Wall Mile 73

Wall Mile 73 [HB 357–8]

The Turf Wall was eventually replaced by the Stone Wall. It is thought the stretch between Milecastle 54 and Bowness was not constructed in stone until after the abandonment of the Antonine Wall in the AD 160s. This stone curtain wall was built to an average width of 2.45m (and has come to be known as the Intermediate Gauge wall, since it was partway between the two predominant widths of curtain wall in the east, the Broad and Narrow Gauges). It was furnished with new stone milecastles, whilst retaining the old free-standing stone turrets, against which the curtain wall butted.

Although most of Wall Mile 73 crossed Burgh Marsh, a short length of the Wall before Milecastle 73 has been identified where the ground begins to slope up from the marshes.


The edge of Burgh Marsh at Dykesfield

Meanwhile, back on the road, we leave the marsh and begin to climb gently at Dykesfield, after crossing a cattle grid; it is another drumlinoid, this one including the fort at Burgh-by-Sands. Away to the north-east, on the edge of the marsh, there is a Victorian reconstruction of a 17th-century monument commemorating the death of Edward I, just in case we had forgotten that it was feasible for an army to ford the Solway here. Less distant, but still remote from our present course, the line of the Wall runs to the north of the road and, as you might expect by now, there is little to see.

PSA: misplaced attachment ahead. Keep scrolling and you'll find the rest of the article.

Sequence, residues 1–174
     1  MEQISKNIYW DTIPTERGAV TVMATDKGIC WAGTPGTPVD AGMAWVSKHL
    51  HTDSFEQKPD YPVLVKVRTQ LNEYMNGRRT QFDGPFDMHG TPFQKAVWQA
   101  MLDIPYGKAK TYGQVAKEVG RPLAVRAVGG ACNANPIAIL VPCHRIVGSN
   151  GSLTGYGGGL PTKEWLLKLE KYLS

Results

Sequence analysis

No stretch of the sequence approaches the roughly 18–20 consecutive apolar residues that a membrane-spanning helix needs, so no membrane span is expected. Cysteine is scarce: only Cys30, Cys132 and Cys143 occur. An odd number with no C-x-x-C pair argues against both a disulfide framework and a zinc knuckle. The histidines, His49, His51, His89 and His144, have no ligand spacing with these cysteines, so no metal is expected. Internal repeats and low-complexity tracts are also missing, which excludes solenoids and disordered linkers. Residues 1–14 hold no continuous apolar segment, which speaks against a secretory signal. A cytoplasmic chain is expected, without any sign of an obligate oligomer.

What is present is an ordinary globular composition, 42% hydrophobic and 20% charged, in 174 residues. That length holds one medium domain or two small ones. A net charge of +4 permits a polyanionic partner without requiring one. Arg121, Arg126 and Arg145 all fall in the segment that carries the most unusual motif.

Milecastle 73 (Dykesfield) [HB 356–7; haiku]

The position of Milecastle 73 (Dykesfield) has been tested through geophysical survey and located on the ground sloping up from Burgh Marsh near Watch Hill, where Horsley thought there was ‘a castellum, for at this place they have dug up a larger quantity of stones than the bare thickness of the Wall could well have afforded’.